‘The Rescue’ Embeds Itself Within the Thai Soccer Team Cave Rescue

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The Rescue (CREDIT: National Geographic)

Starring: Junior Soccer Players, Cave Divers, Thai Navy SEALs

Directors: Elizabeth Chai Vasarhelyi and Jimmy Chin

Running Time: 107 Minutes

Rating: PG for Dangerous Situations

Release Date: October 8, 2021 (Theaters)

If you want to experience very high levels of vicarious stress, then I recommend watching The Rescue. If that sounds awful, know that you’ll also be rewarded with plenty of inspiration! This documentary tells the story of the Thai soccer team that was trapped in and subsequently rescued from a cave in 2018. The operation lasted a few weeks, and while the film lasts less than two hours, you really get a sense of just how long the boys were waiting to be freed. The whole time I was watching, I just wanted it to be over. I knew the major details about the story, so I could rest assured that it was going to be a happy ending, but that didn’t make it any more bearable. That’s not a criticism about the filmmaking; on the contrary, the fact that I could experience that much secondhand claustrophobia and still be enthralled speaks to the power of the presentation.

The Rescue is about once-in-a-lifetime ingenuity fueled by whatever hope is available, all undergirded by the question “What does the impossible look like?” An international team of the best cave divers in the world is assembled. If anybody can retrieve the boys safely, it’s these guys, but their assessment is that it will be the most difficult job they’ve ever had to pull off. With poor visibility, lowering oxygen levels, and rising water levels that are only going to get higher with the looming monsoon season, the task is urgent and requires levels of expertise that have quite possibly never been utilized. Solutions are made up on the fly that theoretically sound like terrible ideas to the people capable of pulling them off, but they’re certainly better than doing nothing.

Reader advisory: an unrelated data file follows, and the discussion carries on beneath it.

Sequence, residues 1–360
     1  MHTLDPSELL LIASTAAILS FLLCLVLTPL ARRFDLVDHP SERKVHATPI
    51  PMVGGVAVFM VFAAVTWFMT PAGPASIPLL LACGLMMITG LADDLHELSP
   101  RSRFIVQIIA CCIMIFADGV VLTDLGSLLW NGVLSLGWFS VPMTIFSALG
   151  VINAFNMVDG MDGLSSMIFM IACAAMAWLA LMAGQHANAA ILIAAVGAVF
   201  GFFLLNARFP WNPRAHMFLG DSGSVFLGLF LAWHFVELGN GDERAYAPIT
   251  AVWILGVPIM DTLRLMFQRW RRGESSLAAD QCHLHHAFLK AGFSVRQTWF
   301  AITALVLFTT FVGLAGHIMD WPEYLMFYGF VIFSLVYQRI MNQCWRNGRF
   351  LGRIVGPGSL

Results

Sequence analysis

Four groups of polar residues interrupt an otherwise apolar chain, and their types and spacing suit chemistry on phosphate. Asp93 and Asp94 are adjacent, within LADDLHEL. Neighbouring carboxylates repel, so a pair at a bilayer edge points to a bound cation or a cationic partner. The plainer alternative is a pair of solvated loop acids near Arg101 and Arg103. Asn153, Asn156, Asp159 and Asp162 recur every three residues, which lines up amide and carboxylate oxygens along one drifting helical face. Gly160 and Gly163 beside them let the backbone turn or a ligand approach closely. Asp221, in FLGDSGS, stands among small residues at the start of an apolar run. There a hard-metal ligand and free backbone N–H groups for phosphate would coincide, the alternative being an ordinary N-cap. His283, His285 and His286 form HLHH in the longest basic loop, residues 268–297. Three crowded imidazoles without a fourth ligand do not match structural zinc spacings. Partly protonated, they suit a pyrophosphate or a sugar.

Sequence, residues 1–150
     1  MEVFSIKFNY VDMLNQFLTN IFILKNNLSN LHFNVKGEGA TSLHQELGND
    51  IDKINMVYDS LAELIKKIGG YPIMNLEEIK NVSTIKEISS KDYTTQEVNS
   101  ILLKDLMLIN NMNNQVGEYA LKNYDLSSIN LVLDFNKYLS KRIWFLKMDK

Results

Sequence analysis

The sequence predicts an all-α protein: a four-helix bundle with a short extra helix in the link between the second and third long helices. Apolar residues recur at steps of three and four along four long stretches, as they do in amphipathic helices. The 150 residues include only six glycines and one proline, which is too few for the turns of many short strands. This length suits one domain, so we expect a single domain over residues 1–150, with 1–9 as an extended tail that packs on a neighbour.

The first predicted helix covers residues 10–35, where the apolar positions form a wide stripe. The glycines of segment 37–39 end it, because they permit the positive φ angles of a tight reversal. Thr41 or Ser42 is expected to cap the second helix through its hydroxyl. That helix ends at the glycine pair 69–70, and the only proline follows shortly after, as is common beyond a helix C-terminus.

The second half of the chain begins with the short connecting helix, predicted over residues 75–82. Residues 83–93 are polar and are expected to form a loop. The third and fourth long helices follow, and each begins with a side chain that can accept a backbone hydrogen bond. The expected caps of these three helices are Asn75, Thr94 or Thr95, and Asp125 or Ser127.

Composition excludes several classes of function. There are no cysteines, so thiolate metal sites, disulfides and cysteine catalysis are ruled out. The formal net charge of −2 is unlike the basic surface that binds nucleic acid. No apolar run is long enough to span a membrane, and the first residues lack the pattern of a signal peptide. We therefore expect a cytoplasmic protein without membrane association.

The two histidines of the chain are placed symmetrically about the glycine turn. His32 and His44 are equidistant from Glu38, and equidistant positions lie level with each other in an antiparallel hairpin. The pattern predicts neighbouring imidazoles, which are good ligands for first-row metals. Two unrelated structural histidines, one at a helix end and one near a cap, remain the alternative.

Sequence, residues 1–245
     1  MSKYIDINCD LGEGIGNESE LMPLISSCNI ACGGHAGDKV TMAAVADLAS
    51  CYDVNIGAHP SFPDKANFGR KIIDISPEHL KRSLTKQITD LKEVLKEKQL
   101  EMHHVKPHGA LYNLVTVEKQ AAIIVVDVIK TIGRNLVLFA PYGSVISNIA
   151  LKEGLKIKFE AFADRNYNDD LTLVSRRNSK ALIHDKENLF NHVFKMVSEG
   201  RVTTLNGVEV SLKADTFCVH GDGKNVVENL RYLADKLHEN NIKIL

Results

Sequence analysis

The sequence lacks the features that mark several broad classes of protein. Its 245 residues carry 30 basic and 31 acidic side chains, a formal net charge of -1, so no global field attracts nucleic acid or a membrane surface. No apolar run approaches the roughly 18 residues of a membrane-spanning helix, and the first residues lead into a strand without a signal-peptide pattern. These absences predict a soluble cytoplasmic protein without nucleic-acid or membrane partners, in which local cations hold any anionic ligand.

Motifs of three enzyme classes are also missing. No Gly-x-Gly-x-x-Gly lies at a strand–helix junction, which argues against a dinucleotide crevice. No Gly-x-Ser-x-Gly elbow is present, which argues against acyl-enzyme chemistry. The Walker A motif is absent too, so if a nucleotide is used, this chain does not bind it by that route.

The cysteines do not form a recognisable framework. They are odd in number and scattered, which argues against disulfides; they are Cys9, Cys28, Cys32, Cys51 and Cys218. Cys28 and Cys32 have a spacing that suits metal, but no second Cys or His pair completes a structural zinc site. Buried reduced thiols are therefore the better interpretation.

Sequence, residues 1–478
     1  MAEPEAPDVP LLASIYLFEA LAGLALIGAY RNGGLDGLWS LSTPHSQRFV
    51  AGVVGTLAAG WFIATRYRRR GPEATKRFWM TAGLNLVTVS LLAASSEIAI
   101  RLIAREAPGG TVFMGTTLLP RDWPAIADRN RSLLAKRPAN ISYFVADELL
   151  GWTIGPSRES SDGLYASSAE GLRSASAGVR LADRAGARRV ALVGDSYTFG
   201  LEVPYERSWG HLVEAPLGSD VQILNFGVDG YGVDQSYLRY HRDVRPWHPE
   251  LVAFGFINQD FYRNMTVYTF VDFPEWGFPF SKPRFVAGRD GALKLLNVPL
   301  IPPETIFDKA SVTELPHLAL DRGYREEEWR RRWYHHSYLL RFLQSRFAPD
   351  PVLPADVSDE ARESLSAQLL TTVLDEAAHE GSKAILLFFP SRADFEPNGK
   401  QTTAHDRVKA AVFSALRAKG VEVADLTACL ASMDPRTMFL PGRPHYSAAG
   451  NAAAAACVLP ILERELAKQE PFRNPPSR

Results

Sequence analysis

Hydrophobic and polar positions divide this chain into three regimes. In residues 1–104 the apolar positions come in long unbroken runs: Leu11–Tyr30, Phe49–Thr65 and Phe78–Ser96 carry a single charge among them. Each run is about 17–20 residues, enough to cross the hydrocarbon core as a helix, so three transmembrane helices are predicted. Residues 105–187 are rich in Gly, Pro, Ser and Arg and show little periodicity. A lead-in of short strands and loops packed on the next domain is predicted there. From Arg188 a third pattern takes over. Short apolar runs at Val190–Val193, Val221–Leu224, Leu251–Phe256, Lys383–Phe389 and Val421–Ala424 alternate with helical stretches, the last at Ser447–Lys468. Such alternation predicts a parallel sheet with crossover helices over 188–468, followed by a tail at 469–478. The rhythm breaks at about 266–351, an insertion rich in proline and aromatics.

I can tell you this with genuine certainty: I won’t be doing any spelunking anytime soon. Not that I was planning on doing that before watching The Rescue, but now I have something I can point to if anybody ever asks me why I’m so against it. Maybe I’ll dip my toe in a cave or two, but never so far that I can’t see where I entered from. But thank God there are people on this world who feel very differently than me about this. As this documentary demonstrates, we kind of need them.

The Rescue is Recommended If You Like: your documentaries inspirational and death-defying

Grade: 4 out of 5 Tham Luangs

This Is a Movie Review: Free Solo

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CREDIT: Jimmy Chin/National Geographic

I saw Free Solo on a December night, yet the sight of Alex Honnold scaling thousands of feet of bare rock without any supports was enough for my palms to leave a big wet spot on my shirt. Of course, I was inside and simmering in room temperature as opposed to the seasonal cool, but even so, I don’t usually get sweat saturation while merely sitting down this time of year. Anyway, if you haven’t heard about Free Solo, it’s about this guy who climbs massive rock formations without any protective equipment or partners, which has, according to him, low risk but high consequences. That is to say, the risk is low because he’s among the best in the world, but the consequences are high because one mistake means almost certain violent death. Watching this documentary is sure to make many wonder about the ethics of simply bearing witness to a fundamentally dangerous endeavor. But if there weren’t a film being made about him, Honnold would surely be scaling the highest heights anyway. Might as well record it to capture the triumph or to help pick up the pieces if something goes wrong.

I give Free Solo 3000 Feet out of 4000 Climbing Notes.